Accidental car damage claims surged at the end of May with road-rusty motorists returning as lockdown eased
- Accidental damage claims are up by 39% in England since lockdown eased
- South Central, London and the North East have seen biggest rise
- We reveal what you can do to help stay focused when back on the road
Accidental damage insurance claims shot up at the end of May ahead of an increased easing of coronavirus lockdown measures in England, data shows.
Claims were up 39 per cent between May 13 to May 26, compared to the same period a week earlier.
Car insurance claims have started to rise again with Scotland seeing a 12 per cent increase and Wales also seeing a three per cent increase, according to Admiral.
It is likely the two other countries saw a minor change when compared to England due to stricter lockdown restrictions still being in place.
Accidental damage claims are up by 39& in England since lockdown eased, new research says
In England, the South Central region saw the biggest rise in claims – up 48 per cent in the two weeks after lockdown began to ease up.
London and the North East had the next highest jump with cases rising 42 per cent.
By comparison, the North West had the smallest increase of 31 per cent.
Accidental damage is the term used for the cost of repairing damage to your car or property, caused by an accident.
Common incidents include shopping trollies veering into vehicles, careless pedestrians and road debris.
When your car is damaged through accidental events, you may need to get your car repaired or replaced. Your car insurance will determine with the amount of damage what course of action is best to take.
As the restrictions continue to lift further, drivers, cyclists and pedestrians are warned to ‘proceed with caution’ and take care when they are out and about.
|Area||Percentage increase in accidental
damage claims as lockdown eased
|South Central England||48%|
|North East England||42%|
|East of England||39%|
|South East England||39%|
|South West England||38%|
|North West England||31%|
Lorna Connelly, head of claims at Admiral, said: ‘Whilst the current volumes of claims for accidental damage from motorists remains low, we’ve found the number of incidents reported to us has started to rise as lockdown measures have eased.
‘This suggests that as more motorists return to the roads the likelihood of road accidents will also increase.
‘The increase can be attributed to a number of factors, including a general increase in traffic on the roads; motorists getting back behind the wheel after a sustained break from driving; pedestrians and cyclists who have been taking advantage of quieter roads being unprepared for increased traffic and some drivers taking unnecessary risks with excessive speed.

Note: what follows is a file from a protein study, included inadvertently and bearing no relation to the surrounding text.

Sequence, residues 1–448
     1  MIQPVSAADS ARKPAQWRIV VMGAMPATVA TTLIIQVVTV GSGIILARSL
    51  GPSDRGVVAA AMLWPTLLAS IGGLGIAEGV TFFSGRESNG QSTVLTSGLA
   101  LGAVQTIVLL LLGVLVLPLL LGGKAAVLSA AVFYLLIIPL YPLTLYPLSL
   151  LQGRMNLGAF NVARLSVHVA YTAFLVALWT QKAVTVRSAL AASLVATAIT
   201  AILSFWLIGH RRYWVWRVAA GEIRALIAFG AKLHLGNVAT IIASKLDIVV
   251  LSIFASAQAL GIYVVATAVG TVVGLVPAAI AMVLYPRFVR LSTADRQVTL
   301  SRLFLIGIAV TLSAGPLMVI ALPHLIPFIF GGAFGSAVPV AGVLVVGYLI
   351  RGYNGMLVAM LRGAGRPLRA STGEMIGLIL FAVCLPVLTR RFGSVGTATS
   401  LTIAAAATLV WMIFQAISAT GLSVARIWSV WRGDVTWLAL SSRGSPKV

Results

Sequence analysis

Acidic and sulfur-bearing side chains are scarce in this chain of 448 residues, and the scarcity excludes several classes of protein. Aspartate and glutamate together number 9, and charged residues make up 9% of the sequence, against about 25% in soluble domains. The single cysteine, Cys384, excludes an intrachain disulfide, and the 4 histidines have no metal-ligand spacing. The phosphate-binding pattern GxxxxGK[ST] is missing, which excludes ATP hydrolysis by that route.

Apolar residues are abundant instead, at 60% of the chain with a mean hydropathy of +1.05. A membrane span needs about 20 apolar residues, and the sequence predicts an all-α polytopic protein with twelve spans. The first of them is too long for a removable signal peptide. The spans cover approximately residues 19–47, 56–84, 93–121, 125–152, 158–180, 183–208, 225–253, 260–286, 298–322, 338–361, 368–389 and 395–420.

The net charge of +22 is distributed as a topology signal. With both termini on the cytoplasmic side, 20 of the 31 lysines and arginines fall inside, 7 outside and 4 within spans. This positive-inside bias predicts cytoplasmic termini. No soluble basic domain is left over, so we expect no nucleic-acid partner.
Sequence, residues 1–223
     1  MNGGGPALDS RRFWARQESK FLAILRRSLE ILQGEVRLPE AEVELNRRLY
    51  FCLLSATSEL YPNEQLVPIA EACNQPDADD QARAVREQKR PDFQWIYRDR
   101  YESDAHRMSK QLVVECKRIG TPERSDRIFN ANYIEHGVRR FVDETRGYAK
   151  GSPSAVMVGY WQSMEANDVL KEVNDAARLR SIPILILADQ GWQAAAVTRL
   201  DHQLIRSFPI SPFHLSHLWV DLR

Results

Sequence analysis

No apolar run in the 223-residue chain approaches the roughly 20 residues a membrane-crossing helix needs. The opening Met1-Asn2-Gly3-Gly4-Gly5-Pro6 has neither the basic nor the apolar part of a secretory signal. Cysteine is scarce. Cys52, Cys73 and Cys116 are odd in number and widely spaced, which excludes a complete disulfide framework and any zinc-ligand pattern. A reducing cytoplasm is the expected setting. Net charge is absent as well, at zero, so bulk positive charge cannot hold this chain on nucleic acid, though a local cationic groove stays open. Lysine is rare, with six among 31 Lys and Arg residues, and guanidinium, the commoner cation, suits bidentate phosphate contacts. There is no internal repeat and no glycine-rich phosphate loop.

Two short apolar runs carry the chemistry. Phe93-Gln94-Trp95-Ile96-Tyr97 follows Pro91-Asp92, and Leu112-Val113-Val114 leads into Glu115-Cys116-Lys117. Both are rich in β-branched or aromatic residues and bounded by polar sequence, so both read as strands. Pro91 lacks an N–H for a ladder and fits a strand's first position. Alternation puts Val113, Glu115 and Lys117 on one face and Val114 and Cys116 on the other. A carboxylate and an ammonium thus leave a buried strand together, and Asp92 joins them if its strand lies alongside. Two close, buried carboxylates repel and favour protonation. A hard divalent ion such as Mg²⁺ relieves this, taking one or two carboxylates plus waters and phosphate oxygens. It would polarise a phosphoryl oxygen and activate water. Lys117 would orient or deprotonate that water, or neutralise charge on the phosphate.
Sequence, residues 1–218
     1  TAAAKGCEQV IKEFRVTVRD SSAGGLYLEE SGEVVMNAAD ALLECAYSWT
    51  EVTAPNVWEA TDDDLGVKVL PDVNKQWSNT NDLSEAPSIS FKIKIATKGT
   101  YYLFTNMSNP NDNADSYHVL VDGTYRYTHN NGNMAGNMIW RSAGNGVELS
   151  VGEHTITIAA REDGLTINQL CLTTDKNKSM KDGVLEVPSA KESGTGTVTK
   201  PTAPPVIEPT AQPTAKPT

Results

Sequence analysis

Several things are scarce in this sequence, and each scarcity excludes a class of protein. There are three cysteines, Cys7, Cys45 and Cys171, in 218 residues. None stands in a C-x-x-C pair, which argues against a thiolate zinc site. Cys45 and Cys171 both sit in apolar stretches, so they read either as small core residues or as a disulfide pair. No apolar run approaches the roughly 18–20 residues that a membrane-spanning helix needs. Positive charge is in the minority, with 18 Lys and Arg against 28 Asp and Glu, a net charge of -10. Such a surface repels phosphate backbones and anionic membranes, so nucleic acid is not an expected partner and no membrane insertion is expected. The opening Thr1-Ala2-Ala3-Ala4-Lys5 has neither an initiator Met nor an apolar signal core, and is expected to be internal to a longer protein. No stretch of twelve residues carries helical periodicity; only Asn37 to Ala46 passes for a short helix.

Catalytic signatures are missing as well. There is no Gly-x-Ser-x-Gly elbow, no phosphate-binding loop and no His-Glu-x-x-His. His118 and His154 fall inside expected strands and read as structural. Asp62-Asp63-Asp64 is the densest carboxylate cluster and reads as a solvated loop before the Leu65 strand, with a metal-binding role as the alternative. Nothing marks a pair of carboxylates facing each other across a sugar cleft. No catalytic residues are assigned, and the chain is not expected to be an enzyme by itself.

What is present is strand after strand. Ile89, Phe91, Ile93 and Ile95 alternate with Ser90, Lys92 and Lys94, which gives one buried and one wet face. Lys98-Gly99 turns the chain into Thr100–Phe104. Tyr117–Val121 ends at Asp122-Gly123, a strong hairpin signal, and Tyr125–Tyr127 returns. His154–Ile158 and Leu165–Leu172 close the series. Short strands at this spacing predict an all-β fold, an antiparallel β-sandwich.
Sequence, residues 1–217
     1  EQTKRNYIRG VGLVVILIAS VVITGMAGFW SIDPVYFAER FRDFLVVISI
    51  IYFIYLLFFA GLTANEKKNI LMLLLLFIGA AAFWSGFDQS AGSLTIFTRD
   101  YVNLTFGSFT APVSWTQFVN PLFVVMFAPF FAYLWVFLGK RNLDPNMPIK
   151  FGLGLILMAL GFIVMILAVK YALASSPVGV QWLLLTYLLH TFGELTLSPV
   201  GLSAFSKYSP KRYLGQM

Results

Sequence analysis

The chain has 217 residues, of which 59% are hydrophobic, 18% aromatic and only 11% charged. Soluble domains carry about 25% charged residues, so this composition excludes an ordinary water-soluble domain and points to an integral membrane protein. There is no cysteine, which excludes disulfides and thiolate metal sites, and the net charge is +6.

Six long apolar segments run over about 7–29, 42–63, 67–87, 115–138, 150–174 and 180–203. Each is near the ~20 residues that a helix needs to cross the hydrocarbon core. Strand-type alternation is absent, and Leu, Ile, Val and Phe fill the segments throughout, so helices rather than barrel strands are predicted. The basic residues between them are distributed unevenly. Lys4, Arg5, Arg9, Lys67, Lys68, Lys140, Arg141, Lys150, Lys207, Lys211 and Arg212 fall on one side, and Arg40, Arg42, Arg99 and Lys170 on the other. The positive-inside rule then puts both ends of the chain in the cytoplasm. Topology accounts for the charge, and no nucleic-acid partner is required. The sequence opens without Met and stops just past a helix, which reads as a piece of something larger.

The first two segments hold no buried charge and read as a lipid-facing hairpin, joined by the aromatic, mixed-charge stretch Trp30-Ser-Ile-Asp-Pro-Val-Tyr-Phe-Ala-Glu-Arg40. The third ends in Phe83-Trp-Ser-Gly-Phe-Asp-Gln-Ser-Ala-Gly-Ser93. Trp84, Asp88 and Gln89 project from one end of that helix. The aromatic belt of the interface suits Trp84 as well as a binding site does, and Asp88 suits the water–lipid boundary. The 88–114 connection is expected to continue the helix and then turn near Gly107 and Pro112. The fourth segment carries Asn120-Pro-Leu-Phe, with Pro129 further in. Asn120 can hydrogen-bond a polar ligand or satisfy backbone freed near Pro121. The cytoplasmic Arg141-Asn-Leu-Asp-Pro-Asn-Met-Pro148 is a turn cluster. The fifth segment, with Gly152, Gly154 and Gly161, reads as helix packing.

‘We’re reminding all road users including motorists, cyclists and pedestrians alike that as lockdown measures continue to ease traffic will probably increase further, and that as it does the risk of accidents will also rise.
‘Claims for accidental damage remain at a low level, but the increases already seen with a part lifting of travel restrictions should act as a reminder of the need for caution among all road users.’
Admiral compared the claims data from April 29 to May 12 and May 13 to May 26. It is likely to have increased further since and will continue to nudge up as more people hit the roads.
Separate research from the insurer also revealed that 44 per cent of motorists had not gone more than a week without driving since taking their driving test.
This suggests for some drivers the current lockdown break could see them not driving for ten times as long as they’ve ever gone without getting behind the wheel before.
Meanwhile, an overwhelming 76 per cent of drivers also said they believed that the skills of motorists who hadn’t driven for a long time would deteriorate.
How to stay focused when back on the road
1. Concentrate: it sounds obvious, but try to avoid distractions as it can be easy to lose focus.
2. Keep your mobile phone out of sight and on silent to avoid distracting alerts or ringing. That way you’re not tempted to look at it if you receive a call or text.
3. Allow plenty of time to study your route before setting off, therefore, there’s no need to fiddle with a sat-nav on the move.
4. Don’t be afraid to asking passengers to behave or be quiet if they’re distracting you.
5. Avoid eating and drinking whilst driving – if you are hungry or thirsty, find a safe place to pull over.
6. If you need a break find a safe place to pull over and take a rest.
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